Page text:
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Hybrid device combines hearing aid and cochlear implant

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April 18, 2008

The DUET Electric-Acoustic System, or EAS
 Photo: UT Southwestern Medical Center

The DUET Electric-Acoustic System, or EAS Photo: UT Southwestern Medical Center

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April 18, 2008 To date the the options have been limited for hearing-impaired patients who do not stand to benefit from hearing aids, but for whom cochlear implants are unsuitable because they retain some natural hearing. Now a hybrid hearing device being tested in trials across the US offers a solution to this category of patients by combining the advantages of both hearing aids and implants.

Called the DUET Electric-Acoustic System, or EAS, it is specially designed for borderline cases for which hearing aids don’t adequately distinguish sounds, but for who some natural hearing remains. For these individuals, cochlear implants that entirely replace natural hearing aren’t recommended either. Most people with hearing difficulties have one or the other device, but not both. Now initial studies on the hybrid device suggest there is a synergistic effect achieved by maintaining the natural hearing and coupling it with the cochlear implant, particularly for distinguishing speech in noisy environments. The device both amplifies low frequencies and electronically stimulates middle and high frequencies.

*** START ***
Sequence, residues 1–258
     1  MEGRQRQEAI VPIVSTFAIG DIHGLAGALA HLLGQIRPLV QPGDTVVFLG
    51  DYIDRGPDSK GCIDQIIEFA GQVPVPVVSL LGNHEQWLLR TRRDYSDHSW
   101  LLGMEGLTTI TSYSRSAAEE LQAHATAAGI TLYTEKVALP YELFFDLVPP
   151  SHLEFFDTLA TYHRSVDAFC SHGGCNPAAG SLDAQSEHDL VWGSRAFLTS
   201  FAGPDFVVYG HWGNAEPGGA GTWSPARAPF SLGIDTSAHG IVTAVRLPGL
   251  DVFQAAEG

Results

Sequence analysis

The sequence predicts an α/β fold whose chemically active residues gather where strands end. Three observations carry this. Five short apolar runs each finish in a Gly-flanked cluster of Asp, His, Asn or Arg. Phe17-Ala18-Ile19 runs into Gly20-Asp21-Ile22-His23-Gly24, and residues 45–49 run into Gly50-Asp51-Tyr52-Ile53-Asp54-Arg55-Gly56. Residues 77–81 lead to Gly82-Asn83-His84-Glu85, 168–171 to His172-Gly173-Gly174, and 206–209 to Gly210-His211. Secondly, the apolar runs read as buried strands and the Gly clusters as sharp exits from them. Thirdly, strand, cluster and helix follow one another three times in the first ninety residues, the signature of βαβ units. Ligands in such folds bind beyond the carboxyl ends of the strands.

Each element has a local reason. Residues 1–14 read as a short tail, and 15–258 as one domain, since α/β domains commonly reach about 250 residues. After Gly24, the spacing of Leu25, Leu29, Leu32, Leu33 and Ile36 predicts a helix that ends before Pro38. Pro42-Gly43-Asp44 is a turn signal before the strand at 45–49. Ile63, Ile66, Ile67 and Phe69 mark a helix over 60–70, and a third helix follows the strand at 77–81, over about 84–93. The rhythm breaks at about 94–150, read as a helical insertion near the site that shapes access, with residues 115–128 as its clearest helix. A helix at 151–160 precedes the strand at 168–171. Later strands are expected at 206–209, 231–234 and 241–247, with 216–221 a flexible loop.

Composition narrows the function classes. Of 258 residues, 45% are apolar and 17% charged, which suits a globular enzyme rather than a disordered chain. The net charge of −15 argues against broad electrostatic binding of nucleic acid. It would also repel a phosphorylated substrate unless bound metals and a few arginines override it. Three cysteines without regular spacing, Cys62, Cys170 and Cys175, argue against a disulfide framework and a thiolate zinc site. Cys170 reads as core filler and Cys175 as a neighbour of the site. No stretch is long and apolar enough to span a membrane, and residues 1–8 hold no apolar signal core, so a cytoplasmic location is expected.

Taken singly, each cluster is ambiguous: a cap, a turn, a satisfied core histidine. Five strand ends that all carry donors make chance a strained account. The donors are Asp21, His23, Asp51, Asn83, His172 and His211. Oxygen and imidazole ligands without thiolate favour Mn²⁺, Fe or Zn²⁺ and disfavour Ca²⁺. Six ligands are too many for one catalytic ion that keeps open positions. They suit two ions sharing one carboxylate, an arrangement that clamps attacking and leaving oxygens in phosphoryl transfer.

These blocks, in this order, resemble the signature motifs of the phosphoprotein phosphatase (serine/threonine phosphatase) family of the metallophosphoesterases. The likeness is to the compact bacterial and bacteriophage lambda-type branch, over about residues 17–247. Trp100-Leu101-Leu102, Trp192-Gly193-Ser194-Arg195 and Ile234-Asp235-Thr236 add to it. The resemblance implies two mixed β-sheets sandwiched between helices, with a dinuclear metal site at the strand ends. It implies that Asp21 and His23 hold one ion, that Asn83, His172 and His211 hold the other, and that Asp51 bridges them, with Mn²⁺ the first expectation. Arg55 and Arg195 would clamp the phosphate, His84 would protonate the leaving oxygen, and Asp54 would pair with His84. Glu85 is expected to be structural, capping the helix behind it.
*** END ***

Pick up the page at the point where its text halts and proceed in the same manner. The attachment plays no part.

The EAS implant is specifically designed with a thin electrode to occupy less space in the inner ear. It is implanted by special surgical techniques to preserve natural hearing. Dr. Peter Roland, chairman of otolaryngology-head and neck surgery at UT Southwestern Medical Center, who is leading the trial, says that patients can hope to get a significant improvement in the ability to understand speech from the device, especially in a noisy situation.

The device is being evaluated by UT Southwestern otolaryngologists as part of a multi-site, national study involving about a dozen participating sites. The hybrid is already used in Europe but not yet approved for use in the US.

There is still work to be done in identifying all of the potential risks of the device. All patients are carefully screened before being admitted to the trial with the most common serious complication being loss of what hearing is left in the ear that receives the implant. The opposite ear is unaffected. Significant hearing loss has occurred in 10 percent to 15 percent of recipients to date.

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